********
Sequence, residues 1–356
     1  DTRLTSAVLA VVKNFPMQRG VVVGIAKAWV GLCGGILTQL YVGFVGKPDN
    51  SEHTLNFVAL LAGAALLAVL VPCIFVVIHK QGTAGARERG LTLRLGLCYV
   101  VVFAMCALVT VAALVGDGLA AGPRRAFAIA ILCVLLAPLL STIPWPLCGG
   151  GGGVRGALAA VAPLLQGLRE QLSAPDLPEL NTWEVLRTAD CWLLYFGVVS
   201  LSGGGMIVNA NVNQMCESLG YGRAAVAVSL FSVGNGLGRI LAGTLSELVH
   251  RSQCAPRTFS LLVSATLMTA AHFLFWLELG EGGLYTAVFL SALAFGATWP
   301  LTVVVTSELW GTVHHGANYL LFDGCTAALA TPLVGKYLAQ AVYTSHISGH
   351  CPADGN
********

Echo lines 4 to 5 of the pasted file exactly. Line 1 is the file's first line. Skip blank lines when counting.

   101  VVFAMCALVT VAALVGDGLA AGPRRAFAIA ILCVLLAPLL STIPWPLCGG
   151  GGGVRGALAA VAPLLQGLRE QLSAPDLPEL NTWEVLRTAD CWLLYFGVVS